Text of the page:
Pursuing a Wrongful Death Lawsuit in Utah

Pursuing a Wrongful Death Lawsuit in Utah

Pursuing a Wrongful Death Lawsuit in Utah

Utah is like other states, as it has its own distinct laws that regulate wrongful death claims. Here we are going to discuss the workings of these laws, beginning with how the state of Utah defines a wrongful death and who is able to file a wrongful death lawsuit. We will then take a look at the time limits to file a wrongful death lawsuit in court, as well as the damages that a plaintiff can receive in a wrongful death case in Salt Lake City. 

The Definition of Wrongful Death in Utah

Utah Code section 78B-3-106 states that wrongful death is a death resulting from the “wrongful act, neglect, or default” of the at-fault party. The action that caused the fatality has to be similar to that which can be supported in a personal injury claim.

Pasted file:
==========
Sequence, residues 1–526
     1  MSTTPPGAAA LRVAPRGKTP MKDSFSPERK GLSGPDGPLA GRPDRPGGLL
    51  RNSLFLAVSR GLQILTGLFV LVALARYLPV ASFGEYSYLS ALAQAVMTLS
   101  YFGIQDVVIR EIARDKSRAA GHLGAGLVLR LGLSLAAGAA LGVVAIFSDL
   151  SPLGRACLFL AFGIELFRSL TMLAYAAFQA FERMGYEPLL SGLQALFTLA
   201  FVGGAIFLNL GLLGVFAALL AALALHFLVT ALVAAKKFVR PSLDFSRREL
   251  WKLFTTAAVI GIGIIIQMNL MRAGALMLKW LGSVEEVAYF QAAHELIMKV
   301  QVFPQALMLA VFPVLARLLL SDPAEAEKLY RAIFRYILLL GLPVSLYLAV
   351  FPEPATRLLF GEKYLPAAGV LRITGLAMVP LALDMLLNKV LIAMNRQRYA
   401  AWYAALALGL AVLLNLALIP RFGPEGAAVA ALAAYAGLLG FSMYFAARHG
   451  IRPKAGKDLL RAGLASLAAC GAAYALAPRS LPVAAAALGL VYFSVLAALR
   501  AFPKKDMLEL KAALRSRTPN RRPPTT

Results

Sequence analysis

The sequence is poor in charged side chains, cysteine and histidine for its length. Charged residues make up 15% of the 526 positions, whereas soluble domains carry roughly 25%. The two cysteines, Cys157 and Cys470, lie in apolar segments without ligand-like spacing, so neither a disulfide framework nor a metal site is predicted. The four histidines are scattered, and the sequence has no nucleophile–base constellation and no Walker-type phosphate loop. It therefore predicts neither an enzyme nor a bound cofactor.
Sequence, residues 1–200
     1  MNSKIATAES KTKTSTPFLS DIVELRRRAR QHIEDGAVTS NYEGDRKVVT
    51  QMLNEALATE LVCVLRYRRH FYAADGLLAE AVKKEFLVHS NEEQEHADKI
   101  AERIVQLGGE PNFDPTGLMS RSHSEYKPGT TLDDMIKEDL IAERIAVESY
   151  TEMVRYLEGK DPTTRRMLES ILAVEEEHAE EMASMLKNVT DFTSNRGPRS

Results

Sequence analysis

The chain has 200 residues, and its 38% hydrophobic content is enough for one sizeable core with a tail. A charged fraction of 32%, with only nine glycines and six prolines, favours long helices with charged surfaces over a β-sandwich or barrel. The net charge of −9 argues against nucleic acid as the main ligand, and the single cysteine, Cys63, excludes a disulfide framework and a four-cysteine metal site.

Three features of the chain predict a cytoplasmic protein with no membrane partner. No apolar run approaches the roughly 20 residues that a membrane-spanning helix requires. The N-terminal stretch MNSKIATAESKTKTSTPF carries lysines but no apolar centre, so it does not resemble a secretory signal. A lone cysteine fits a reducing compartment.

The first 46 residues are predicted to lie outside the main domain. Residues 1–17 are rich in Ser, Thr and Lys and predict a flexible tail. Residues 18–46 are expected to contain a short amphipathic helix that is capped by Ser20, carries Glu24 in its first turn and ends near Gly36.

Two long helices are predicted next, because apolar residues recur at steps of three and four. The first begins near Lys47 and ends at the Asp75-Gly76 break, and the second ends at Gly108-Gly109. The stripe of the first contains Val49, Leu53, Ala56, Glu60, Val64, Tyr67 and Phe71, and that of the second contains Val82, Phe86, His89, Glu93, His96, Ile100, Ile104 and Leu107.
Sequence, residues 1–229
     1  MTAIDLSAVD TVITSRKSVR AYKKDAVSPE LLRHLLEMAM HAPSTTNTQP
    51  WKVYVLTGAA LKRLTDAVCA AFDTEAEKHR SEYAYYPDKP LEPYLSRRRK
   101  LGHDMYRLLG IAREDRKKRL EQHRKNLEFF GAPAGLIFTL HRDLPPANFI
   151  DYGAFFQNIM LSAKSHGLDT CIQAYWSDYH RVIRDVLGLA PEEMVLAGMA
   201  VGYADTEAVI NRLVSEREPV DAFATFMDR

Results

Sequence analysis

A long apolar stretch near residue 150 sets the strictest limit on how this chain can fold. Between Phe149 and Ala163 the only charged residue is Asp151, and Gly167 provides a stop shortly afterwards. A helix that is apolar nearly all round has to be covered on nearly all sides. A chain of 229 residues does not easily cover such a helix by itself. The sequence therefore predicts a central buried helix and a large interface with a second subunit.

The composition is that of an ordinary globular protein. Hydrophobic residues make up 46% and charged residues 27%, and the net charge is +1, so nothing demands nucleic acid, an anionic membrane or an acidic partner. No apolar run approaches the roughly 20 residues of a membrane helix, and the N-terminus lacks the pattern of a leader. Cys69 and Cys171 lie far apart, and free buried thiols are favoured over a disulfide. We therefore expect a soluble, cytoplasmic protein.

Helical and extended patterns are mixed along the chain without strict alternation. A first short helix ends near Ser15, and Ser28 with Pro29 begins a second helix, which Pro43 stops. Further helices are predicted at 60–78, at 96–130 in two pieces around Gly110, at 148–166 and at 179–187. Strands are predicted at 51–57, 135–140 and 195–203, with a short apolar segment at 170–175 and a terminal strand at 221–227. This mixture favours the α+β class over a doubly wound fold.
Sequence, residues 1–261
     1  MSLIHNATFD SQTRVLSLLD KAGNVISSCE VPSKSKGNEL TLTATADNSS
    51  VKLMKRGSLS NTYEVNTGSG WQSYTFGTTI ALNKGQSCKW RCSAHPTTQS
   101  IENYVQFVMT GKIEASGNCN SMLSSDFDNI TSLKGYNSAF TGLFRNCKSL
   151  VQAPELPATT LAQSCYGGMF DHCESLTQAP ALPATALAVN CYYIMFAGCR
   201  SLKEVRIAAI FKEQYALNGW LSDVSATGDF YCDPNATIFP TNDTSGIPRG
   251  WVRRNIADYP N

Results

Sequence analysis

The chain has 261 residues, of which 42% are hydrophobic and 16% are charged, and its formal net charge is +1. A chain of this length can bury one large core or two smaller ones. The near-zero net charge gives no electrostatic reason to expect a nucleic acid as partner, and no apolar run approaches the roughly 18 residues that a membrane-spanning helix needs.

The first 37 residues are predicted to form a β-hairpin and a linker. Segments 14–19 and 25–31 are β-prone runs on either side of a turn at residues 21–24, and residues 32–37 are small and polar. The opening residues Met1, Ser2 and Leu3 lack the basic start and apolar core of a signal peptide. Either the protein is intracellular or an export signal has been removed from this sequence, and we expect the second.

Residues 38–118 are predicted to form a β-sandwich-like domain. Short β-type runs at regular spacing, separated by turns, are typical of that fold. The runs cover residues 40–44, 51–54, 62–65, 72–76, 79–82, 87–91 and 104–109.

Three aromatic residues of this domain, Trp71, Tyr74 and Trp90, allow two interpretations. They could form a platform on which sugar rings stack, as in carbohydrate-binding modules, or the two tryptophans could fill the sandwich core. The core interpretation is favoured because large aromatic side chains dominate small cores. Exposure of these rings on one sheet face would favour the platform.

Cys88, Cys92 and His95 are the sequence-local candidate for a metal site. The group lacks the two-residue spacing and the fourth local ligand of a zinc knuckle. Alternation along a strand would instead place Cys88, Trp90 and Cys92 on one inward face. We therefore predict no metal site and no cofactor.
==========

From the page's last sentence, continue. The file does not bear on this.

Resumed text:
Wrongful death claims are similar to personal injury claims because they both are based on some sort of actionable injury. However, unlike in personal injury cases, the injured party is unable to file his or her own claim in court in a wrongful death case. For obvious reasons, another party is required to bring the case to court on behalf of the injured party, as well as all other family members who were injured due to sudden death. This brings up the question of who is able to file these types of claims successfully. 

Who Is Able to File a Wrongful Death Claim in Utah?

Pursuing a Wrongful Death Lawsuit in UtahIn the state of Utah, a wrongful death claim can only be filed by someone who is an heir of the deceased party, or some personal representative of the deceased person’s estate. If the deceased party was an adult under someone else guardianship, the legal guardian may also be able to file a wrongful death claim.

Utah Code section 78B-3-105 states that the “heirs” who are legally allowed to file a wrongful death claim include:

  • The surviving wife or husband;
  • The surviving adult children;